Western Electric amps, speakers, vacuum tubes...anything! RCA anything GE, Brimar, Mullard, RCA, United, WE etc vacuum tubes Altec Lansing horn speakers Original early Audio Note Ongaku 211 amp Early McIntosh amps Studer reel to reels (C37/J37) & their domestic Revox tube variants Philips 3501 1/4 inch reel to reel Early Ampex reel to reels Some PYE items Braun...all items Garrard 301 turntable Telefunken anything Neuman microphones early Nagaoka and Decca cartridges EMT turntables Early Ortofon cartridges and original Ortofon Danish long tonearms Early Quad amps and electrostatic speakers Early Tannoy speakers Linn LP12, Technics SL1200, older Thorens, some Lenco etc There's a lot more omitted here, especially early US, but you get my drift.
Very little modern because the VAT is lost immediately, many are mass produced so not rare, then it has to stand the test of time to start to become a legend. Going forward, I'd subjectively gamble on these turntables to hold their value e.g. Simon Yorke S9 turntable, early Michell Transcriptor, TW Acustic, Brinkman, etc..not necessarily the best, but blend price, design, quality and rarity. Some tube amps Kondo, Shindo, AN etc, and some speakers and drivers e.g. vitavox and B&W Nautilus may retain value too. But it will not be across the whole brand. One will need to pick a specific piece. Tricky, so buy for enjoyment only.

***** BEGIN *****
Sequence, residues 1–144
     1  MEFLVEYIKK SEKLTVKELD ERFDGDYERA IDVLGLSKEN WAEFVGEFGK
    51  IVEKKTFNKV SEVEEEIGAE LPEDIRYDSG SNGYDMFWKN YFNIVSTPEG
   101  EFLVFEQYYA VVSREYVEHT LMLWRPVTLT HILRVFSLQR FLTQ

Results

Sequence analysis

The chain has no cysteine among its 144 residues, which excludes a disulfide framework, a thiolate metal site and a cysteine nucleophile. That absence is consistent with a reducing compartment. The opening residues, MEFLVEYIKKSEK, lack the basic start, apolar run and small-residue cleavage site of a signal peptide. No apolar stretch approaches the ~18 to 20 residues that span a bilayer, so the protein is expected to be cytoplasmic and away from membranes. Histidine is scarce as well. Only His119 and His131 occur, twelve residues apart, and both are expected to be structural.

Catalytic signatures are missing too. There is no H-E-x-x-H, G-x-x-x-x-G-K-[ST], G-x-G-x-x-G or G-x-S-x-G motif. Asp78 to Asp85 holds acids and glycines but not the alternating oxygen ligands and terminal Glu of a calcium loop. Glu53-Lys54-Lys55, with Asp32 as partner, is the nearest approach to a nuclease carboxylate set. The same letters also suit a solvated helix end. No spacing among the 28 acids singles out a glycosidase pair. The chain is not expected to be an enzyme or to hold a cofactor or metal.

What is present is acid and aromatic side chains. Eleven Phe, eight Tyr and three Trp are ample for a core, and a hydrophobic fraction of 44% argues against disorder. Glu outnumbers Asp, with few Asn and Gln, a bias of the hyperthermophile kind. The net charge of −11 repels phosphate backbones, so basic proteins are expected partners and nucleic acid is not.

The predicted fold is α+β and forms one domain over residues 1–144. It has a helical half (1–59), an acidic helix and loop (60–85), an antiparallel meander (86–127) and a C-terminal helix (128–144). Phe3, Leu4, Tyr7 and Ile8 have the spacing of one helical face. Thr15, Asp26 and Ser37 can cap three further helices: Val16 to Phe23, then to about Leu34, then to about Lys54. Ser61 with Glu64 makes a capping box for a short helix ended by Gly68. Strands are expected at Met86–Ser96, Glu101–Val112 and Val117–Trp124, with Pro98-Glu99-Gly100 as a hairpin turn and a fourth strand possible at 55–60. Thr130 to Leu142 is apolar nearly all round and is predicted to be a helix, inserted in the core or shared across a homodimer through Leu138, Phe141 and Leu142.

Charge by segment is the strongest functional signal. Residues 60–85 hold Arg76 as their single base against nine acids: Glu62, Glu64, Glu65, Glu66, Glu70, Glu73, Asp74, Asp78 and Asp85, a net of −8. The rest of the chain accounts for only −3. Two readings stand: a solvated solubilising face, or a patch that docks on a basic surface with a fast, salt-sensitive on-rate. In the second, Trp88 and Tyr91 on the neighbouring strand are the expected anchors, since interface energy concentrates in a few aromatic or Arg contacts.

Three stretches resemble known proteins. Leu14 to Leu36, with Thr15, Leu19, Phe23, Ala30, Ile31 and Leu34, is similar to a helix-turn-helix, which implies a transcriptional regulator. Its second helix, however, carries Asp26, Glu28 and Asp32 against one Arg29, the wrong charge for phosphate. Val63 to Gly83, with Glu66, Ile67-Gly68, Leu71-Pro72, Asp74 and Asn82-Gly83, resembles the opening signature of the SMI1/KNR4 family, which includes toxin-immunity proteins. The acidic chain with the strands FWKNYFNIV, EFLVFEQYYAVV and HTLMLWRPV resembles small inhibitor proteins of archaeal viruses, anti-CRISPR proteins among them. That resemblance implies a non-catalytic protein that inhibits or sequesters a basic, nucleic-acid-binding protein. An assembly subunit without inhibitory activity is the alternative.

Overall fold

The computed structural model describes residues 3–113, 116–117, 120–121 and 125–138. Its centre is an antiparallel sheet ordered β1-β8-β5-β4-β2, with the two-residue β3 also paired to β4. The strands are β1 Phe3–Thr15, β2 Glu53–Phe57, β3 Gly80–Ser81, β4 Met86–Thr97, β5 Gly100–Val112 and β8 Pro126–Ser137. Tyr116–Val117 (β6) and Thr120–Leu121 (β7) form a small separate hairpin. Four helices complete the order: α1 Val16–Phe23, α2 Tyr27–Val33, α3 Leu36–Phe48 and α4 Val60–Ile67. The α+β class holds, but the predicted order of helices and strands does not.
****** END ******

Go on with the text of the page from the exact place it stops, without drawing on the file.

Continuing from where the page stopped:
What is low depreciation? If an item is 5 years or newer and sells for 60%.... or 6-10 years and sells for 50%... or 10-20 years and sells for 40%... would these items be considered low depreciation....what do you think... what might define “low”?